Belleville's Rise In Foreclosures Expected To Continue — Thursday, September 2, 2010

Belleville Times

Federal employees say Belleville will continue its upward trend in foreclosure rates this year.

"Statewide, foreclosure is going up," said New Jersey Judiciary representative Tamara Kendig.

In 2008, Belleville experienced 53 foreclosures. Come 2009, that number soared to 371. Just how high 2010's figures will be remains to be seen.

"We are not finding that we are getting fewer people calling us this year; we're having more people call," said New Jersey Anti-Predatory Lending Project senior attorney Margaret Jurow.

Of the 8,373 residential properties in Belleville, 173 filed foreclosure between Jan. 1 and July 31 of this year, according to the New Jersey Department of Community Affairs.

During that same time, 153 Belleville properties entered the pre-foreclosure stage, according to the national foreclosure database company RealtyTrac Inc.

Therefore, the pool of potential foreclosures for the rest of 2010 is a considerable one.

Additionally, the Office of Foreclosure has upgraded its administrative system to include electronic case filing, Jurow said. As such, she predicted the entry of foreclosure judgments "will pick up in the next few months".

Properties can be filed under foreclosure for 18 to 24 months before a sheriff's auction actually takes place, though. As a result, Jurow emphasized that the number of current sheriff's sales does not necessarily reflect the number of current foreclosures.

So, the 58 Belleville homes to be auctioned between now and November, listed on the sheriff's department schedule, are a piece of a much larger puzzle.

Essex County had the highest incidence of foreclosure last year in the state, with 6,992 filings made. Bergen County was in second place with 5,193, and Ocean County was right behind at 5,191.

As of June 30, Essex County held the highest incidence of 2010 foreclosures, too, at 3,107. Second highest was Ocean County with 2,643.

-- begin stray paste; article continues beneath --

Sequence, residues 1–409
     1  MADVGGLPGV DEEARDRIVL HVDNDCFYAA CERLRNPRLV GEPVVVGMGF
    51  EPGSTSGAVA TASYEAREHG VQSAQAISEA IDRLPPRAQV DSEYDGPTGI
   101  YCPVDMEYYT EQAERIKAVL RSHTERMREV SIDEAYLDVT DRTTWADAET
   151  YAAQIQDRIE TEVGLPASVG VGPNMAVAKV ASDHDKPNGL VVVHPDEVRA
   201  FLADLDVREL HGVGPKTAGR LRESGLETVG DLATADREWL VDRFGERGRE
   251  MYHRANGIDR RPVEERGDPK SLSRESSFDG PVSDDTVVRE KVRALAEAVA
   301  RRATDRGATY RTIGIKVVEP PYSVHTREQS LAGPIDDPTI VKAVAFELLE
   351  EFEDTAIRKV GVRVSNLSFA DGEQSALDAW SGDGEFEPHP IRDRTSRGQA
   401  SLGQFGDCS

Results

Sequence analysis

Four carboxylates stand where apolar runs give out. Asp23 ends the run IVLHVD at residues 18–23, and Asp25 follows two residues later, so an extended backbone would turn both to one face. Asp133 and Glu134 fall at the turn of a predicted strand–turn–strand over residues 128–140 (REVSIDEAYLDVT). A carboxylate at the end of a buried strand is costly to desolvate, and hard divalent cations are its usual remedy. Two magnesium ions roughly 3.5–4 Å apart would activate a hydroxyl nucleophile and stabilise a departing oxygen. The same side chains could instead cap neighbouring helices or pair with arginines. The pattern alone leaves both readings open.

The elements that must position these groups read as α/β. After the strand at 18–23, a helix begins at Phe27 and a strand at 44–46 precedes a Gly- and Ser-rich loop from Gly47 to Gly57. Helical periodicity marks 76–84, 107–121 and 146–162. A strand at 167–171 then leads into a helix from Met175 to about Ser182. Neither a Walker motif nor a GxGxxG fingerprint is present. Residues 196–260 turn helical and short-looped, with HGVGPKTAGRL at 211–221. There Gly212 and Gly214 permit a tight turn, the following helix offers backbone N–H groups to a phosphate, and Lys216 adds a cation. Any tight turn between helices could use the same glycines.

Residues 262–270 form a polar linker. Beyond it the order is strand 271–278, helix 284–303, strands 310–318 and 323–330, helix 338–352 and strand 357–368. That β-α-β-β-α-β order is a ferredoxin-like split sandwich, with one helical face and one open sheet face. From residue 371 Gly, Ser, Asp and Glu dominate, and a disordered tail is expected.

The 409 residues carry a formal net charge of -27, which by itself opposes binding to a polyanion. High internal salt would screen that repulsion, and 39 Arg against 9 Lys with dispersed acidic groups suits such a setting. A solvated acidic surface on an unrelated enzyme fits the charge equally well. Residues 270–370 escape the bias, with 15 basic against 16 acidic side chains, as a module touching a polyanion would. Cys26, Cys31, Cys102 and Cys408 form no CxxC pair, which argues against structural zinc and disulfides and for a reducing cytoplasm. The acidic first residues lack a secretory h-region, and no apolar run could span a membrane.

In previous years, Jurow's office found that most foreclosures were due to "loans that were bad from the inception." Today's foreclosures, she said, arrive predominantly from struggling homeowners undergoing mortgage refinance.

"In the last year or so, we've seen more people who have unemployment problems, and also, unfortunately, quite a few older people," she said.

Jurow said the fight to hang on to foreclosed homes is a more pronounced one in New Jersey, where "even rental housing is expensive." Most people would rather continue the struggle of paying a high mortgage than enter the struggle of paying a high rent, she said.

Residents who are in foreclosure are advised to contact the New Jersey Office of the Courts' Foreclosure Mediation Hotline at 888-989-5277. There, residents are linked to housing counselors and court-trained mediators, who work between residents and mortgage lenders to arrange affordable future payment options.

Residents who are not in foreclosure, but who have missed a payment or will soon miss one, are advised to call NJ Citizen Action at 973-643-8800.

"Go to a qualified nonprofit housing counselor, not somebody that's going to charge you money upfront, not a mortgage broker, a real-estate broker or friend of a friend," said Jurow.

She also said defaulted homeowners who feel they have a valid defense should contact an attorney, not the bank, as homeowners typically do.

"Just because you are talking with the bank doesn't mean that the bank's lawyer isn't marching right ahead towards sheriff's sale. It's very important to get things in writing by filing with the court. Protect yourselves."

For those looking to prosper from the current economic climate, Essex County foreclosure auctions are conducted every Tuesday (except legal holidays) at 1:30 p.m. in the Veterans Courthouse, Room 216-I, in Newark.

Copyright 2010 North Jersey Media Group Inc.

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